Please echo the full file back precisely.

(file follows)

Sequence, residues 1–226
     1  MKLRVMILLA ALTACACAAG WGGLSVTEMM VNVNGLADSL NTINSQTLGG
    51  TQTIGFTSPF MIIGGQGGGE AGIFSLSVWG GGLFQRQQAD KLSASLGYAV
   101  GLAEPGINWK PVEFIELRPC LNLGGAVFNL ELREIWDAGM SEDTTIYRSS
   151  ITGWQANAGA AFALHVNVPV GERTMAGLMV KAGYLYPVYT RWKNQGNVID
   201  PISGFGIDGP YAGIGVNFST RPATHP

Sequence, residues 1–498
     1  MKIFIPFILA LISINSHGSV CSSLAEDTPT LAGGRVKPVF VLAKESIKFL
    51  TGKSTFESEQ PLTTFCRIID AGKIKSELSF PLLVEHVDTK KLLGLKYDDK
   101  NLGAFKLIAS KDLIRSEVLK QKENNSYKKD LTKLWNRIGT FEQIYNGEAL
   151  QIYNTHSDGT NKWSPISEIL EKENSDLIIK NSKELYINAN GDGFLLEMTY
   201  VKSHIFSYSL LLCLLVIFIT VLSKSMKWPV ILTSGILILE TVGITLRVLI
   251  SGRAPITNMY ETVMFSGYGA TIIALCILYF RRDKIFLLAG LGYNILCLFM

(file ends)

Sequence, residues 1–226
     1  MKLRVMILLA ALTACACAAG WGGLSVTEMM VNVNGLADSL NTINSQTLGG
    51  TQTIGFTSPF MIIGGQGGGE AGIFSLSVWG GGLFQRQQAD KLSASLGYAV
   101  GLAEPGINWK PVEFIELRPC LNLGGAVFNL ELREIWDAGM SEDTTIYRSS
   151  ITGWQANAGA AFALHVNVPV GERTMAGLMV KAGYLYPVYT RWKNQGNVID
   201  PISGFGIDGP YAGIGVNFST RPATHP

Sequence, residues 1–498
     1  MKIFIPFILA LISINSHGSV CSSLAEDTPT LAGGRVKPVF VLAKESIKFL
    51  TGKSTFESEQ PLTTFCRIID AGKIKSELSF PLLVEHVDTK KLLGLKYDDK
   101  NLGAFKLIAS KDLIRSEVLK QKENNSYKKD LTKLWNRIGT FEQIYNGEAL
   151  QIYNTHSDGT NKWSPISEIL EKENSDLIIK NSKELYINAN GDGFLLEMTY
   201  VKSHIFSYSL LLCLLVIFIT VLSKSMKWPV ILTSGILILE TVGITLRVLI
   251  SGRAPITNMY ETVMFSGYGA TIIALCILYF RRDKIFLLAG LGYNILCLFM